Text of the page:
Before the war, Canada had strong ties with Britain with preferential trade and sentiments. The population was predominantly Anglo-Saxon and unemployment during the 1930s was an inducement to enlist in the Armed Forces to alleviate the distress and, at the same time help Britain in its dire need. The Department of National Defence established several recruiting depots across the country and Toronto was named Military District No.2 in the Exhibition Coliseum and was generally known as Manning Pool, where the recruits were dispensed to the various training camps. There were 39 army camps established across Canada for elementary training.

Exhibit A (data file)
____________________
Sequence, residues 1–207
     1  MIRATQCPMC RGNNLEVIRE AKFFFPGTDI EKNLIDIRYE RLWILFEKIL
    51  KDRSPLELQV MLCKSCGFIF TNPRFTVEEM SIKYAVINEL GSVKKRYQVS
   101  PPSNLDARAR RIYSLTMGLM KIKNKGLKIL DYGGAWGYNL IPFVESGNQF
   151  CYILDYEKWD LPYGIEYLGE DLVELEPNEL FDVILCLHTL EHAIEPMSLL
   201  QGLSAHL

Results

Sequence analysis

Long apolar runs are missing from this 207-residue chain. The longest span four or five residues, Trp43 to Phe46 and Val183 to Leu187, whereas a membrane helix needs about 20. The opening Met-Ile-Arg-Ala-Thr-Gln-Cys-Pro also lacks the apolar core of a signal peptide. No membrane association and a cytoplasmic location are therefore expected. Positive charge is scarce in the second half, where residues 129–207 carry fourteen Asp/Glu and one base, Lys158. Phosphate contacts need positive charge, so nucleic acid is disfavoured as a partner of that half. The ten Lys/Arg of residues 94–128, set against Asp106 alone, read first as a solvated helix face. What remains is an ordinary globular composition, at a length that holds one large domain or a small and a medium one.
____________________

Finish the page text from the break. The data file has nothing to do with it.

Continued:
When it was announced in midsummer 1940 that army training camps were to be formed, Newmarket town council was quick to realize an opportunity to offer unused land in the municipality for that specific purpose, which, in return, would be an economic benefit and help to alleviate the depressed business and labour problems in the town. With remarkable speed and political influence, Mayor Dr. S. J. Boyd, Reeve Fred Lundy, Deputy Reeve Joseph Vale and solicitor Norman L. Mathews went to Ottawa and met with W. Pate Mulock, the MP, and Harry Doyle, the administrator of the Wartime Prices & Trade Board. (Harry was born and raised in Newmarket from a well-known family.)